In 2013 the New York Times released a dialect quiz which was a survey of questions about what people from around the United States call things and how they pronounce them. One question was “What do you call the night before Halloween?” With a few small exceptions, overwhelmingly most of the country replied with “I have no word for this”, except for two areas: Philadelphia and Detroit.

Most of America thinks nothing of October 30th, but the Philadelphia and Detroit areas carry on the old English tradition for mischief.

The Philadelphia area, extending into New Jersey, calls October 30th Mischief Night. The Detroit area calls this night Devil’s Night. Just like their English predecessor these nights are times for pranks & vandalism. From the mild to the wild the mischief can include ringing doorbells, taking things from porches, egging houses, smashing pumpkins, throwing toilet paper into trees, and more. In Detroit this night has been known particularly for arson. In the 1980s as the city contracted in size people would set fire to abandoned homes. In 1984 there were more than 800 fires reported across the city, the most of any Devil’s Night. Arson has also sometimes been a feature of Mischief Night, such as 1991 in Camden, NJ when 133 fires were reported.

One of the curious things is how localized these traditions are. Mischief Night and Devil’s Night exist in their geographic areas and have never spread much further despite existing since at least the mid 19th century. One theory for Mischief Night’s limited reach is the provincial nature of the Philadelphia area. Other major American cities have more of an even mix of new vs born-and-raised residents, which means customs spread. Most people in the Philadelphia area however were born around Philly and have never moved away – 68% of Philadelphians were born in Pennsylvania. As such the cultural traditions, food, sports loyalties, accent, and other jawn stay near the city and never leave the Philadelphia area. In this way, the mischief of Mischief Night has remained contained to the region – to the relief of people everywhere.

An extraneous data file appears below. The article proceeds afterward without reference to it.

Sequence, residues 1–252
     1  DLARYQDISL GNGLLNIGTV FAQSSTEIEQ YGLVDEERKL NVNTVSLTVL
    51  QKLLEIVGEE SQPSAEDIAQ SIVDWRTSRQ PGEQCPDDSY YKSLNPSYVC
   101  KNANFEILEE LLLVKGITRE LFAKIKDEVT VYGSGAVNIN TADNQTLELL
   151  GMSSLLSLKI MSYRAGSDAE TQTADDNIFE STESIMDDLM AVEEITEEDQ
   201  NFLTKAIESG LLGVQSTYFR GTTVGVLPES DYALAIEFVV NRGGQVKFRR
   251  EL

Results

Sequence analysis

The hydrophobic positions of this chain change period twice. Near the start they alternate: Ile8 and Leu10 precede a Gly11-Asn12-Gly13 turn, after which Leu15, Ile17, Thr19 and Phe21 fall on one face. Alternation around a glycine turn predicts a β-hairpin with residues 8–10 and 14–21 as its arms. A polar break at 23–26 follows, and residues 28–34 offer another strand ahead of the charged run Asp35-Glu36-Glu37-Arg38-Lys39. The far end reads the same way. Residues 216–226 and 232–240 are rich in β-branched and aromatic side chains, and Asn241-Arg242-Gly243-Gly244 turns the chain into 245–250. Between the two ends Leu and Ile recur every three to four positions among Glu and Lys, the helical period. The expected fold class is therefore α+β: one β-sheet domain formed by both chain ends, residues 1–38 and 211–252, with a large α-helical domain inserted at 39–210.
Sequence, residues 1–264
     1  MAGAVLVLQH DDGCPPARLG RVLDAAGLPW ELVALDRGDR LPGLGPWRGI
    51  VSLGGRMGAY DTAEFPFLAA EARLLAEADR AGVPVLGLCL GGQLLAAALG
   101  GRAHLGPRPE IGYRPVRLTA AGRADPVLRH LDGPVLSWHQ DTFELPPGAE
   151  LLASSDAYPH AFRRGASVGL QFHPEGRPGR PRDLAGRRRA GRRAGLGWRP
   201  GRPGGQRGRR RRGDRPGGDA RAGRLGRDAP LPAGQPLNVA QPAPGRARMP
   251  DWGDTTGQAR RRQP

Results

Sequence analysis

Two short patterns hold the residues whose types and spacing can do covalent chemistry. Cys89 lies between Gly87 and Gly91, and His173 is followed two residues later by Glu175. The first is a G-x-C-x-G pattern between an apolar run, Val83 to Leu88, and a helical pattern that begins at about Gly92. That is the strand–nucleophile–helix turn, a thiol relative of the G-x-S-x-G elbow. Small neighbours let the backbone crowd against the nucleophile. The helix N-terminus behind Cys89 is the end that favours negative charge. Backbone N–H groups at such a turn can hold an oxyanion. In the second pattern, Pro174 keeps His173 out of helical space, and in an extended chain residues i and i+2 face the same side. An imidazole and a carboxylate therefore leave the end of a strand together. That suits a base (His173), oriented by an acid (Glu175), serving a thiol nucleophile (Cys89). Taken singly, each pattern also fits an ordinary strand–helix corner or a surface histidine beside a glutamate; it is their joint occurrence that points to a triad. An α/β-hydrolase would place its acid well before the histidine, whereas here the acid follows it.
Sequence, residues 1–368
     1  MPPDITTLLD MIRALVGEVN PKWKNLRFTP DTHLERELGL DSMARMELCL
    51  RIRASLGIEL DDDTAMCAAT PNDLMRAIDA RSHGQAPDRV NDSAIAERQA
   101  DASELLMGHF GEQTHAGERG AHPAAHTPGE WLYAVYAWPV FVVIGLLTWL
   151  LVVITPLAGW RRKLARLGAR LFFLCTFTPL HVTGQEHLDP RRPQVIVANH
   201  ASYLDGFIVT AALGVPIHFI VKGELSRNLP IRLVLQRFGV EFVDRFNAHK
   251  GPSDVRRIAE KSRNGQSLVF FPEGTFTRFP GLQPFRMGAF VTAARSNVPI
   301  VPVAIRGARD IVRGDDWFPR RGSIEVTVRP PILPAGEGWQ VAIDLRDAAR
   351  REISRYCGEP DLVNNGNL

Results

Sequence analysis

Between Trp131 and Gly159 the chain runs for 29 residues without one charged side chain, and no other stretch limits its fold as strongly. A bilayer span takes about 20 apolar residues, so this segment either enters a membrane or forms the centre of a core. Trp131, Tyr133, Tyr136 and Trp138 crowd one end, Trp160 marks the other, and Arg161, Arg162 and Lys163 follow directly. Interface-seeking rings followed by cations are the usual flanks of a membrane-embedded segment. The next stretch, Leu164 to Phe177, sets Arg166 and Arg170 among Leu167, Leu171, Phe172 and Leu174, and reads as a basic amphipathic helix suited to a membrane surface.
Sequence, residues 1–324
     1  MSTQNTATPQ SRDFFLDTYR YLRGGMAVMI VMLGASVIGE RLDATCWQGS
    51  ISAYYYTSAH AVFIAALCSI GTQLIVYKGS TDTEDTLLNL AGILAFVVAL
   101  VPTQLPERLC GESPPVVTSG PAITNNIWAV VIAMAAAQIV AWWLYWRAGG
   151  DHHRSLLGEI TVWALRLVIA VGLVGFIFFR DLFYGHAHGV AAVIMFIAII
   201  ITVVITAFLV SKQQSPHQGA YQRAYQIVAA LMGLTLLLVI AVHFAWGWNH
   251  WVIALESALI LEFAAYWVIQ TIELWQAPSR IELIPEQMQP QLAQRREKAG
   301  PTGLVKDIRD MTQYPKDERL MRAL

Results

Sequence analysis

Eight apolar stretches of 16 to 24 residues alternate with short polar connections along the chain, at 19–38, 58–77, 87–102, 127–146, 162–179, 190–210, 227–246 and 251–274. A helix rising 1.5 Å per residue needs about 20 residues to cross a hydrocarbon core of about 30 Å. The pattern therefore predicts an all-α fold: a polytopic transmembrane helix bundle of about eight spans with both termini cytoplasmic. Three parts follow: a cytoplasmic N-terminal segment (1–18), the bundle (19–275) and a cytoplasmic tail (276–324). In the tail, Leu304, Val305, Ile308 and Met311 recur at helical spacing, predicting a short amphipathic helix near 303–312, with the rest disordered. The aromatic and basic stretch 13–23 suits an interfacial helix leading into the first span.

Added info: Philadelphia is at the center of another divisive Halloween tradition: candy corn. As the story goes, candy corn was invented by George Renninger at the Wunderle Candy Company in Philadelphia around 1898. The authenticity of these exact details however are questionable and are considered “oral history.” The tri-colored candy is tasty to some but to others the honey vanilla flavor and waxy texture is off-putting.

The National Confectioners Association has created a “National Candy Corn Day”, the date of which is October 30th, Mischief Night.

Victorian Haunted Houses

We think of Victorian houses as haunted and creepy because of changing cultural values as well as evolving design trends.

Following the American Civil War affluent families (especially in the North) built new homes in the style of the time. The style in the second half of the 19th century was Victorian architecture complete with deep porches, mansard roofs, ornate decorative trim, turrets, heavy drapes, wallpaper, etc. Victorian architecture tended to give each room a specific purpose with an overall closed floorpan.